Highly-paid professional footballers perform a public service by clarifying the law on child maintenance, suggests Simon Bruce

Professional footballers are paid to entertain, some handsomely so, but they also pay richly in child maintenance when they foul up their relationships. It is striking that footballers’ problems are often tackled in the family law reports. It is, you might say, a public service, of sorts.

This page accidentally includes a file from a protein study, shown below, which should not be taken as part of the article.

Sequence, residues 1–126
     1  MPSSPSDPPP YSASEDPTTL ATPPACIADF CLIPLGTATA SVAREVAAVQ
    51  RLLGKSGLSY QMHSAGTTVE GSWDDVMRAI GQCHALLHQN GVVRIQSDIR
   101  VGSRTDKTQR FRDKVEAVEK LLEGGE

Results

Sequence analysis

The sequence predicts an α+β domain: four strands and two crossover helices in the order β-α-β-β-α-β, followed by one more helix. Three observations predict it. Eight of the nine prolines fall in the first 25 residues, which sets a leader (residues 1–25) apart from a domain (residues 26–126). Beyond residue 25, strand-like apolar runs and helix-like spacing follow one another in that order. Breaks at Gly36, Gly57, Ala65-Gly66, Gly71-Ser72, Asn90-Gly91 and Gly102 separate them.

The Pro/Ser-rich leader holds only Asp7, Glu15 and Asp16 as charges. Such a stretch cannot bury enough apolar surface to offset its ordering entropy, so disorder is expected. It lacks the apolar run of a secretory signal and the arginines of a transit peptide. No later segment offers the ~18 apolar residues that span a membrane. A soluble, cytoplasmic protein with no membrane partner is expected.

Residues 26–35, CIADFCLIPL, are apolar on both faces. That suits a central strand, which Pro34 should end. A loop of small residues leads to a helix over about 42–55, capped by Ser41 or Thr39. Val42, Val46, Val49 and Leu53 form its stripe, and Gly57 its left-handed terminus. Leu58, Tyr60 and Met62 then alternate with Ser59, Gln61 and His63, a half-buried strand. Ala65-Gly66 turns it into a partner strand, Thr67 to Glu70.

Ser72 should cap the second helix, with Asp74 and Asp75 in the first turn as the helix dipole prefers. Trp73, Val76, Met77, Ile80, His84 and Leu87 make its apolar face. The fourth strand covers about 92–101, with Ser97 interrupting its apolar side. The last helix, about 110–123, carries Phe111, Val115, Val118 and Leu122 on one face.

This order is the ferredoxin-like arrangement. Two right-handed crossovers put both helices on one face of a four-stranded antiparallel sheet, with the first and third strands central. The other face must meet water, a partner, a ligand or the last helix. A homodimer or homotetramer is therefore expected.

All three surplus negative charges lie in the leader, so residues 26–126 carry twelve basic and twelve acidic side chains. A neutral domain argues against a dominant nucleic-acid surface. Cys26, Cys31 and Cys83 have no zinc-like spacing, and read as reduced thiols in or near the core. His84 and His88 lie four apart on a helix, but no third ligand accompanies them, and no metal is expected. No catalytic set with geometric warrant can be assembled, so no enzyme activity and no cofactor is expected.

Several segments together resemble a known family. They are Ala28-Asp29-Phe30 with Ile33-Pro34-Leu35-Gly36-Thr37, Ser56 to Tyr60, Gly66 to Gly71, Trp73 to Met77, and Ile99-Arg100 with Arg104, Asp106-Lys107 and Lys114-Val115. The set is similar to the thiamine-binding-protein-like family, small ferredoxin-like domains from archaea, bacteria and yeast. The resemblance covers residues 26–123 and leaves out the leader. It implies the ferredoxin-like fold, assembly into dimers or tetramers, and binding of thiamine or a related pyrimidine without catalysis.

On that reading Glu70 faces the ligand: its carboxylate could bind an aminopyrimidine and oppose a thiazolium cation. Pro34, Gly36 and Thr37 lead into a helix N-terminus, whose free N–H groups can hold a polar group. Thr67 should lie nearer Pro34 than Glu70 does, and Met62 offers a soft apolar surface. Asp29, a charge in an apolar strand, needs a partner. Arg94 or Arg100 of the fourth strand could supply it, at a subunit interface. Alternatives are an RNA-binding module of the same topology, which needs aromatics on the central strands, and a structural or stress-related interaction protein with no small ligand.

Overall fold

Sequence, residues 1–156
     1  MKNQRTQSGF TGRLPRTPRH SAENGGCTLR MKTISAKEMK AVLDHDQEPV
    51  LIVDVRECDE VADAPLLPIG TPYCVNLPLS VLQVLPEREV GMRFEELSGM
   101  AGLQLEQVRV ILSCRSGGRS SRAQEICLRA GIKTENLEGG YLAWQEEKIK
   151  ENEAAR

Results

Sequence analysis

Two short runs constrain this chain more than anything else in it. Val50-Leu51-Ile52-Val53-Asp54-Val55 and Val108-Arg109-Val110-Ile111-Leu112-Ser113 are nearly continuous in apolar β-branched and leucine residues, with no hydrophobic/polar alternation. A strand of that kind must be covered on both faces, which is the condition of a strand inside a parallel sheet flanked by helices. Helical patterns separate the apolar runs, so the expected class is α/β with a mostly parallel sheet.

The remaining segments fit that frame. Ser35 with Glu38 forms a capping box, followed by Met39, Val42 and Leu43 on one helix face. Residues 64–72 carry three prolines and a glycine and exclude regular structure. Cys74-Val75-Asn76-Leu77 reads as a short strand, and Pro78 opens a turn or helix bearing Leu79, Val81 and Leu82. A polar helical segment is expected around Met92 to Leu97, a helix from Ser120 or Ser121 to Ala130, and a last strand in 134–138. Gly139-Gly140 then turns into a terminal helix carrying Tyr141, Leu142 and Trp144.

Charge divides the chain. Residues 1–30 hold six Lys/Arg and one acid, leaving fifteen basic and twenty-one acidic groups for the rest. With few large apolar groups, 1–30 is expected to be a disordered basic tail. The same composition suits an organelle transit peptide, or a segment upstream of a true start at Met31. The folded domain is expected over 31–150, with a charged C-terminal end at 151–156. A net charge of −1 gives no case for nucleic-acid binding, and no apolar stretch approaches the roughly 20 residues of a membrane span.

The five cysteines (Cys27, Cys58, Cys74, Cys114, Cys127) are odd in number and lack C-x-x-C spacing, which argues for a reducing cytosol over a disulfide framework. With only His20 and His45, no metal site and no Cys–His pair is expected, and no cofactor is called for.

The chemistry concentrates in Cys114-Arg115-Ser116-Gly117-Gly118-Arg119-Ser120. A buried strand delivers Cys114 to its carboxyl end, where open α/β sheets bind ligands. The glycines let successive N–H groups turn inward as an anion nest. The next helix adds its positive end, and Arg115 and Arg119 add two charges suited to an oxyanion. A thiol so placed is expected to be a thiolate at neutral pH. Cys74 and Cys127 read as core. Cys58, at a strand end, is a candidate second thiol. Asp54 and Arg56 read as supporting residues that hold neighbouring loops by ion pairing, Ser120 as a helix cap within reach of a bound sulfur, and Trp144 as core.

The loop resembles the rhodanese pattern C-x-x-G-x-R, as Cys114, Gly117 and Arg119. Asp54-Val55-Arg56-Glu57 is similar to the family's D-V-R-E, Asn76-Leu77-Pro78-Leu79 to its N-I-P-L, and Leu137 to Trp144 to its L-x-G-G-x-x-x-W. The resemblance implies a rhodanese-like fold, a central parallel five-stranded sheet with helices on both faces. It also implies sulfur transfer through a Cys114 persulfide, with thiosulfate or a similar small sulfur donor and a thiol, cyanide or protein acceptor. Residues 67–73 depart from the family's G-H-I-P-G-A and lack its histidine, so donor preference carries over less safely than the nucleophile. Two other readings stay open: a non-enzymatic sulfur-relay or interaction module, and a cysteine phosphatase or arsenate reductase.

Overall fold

One unforeseen service that a footballer recently performed was to clarify the law on child maintenance. His appeal case is called TW and TM (Minors) [2015] EWHC 3054, and is a judgement by Mr Justice Mostyn – the same judge who famously ruled that bridge was not a sport.

The footballer in question had two children by two mothers, an...

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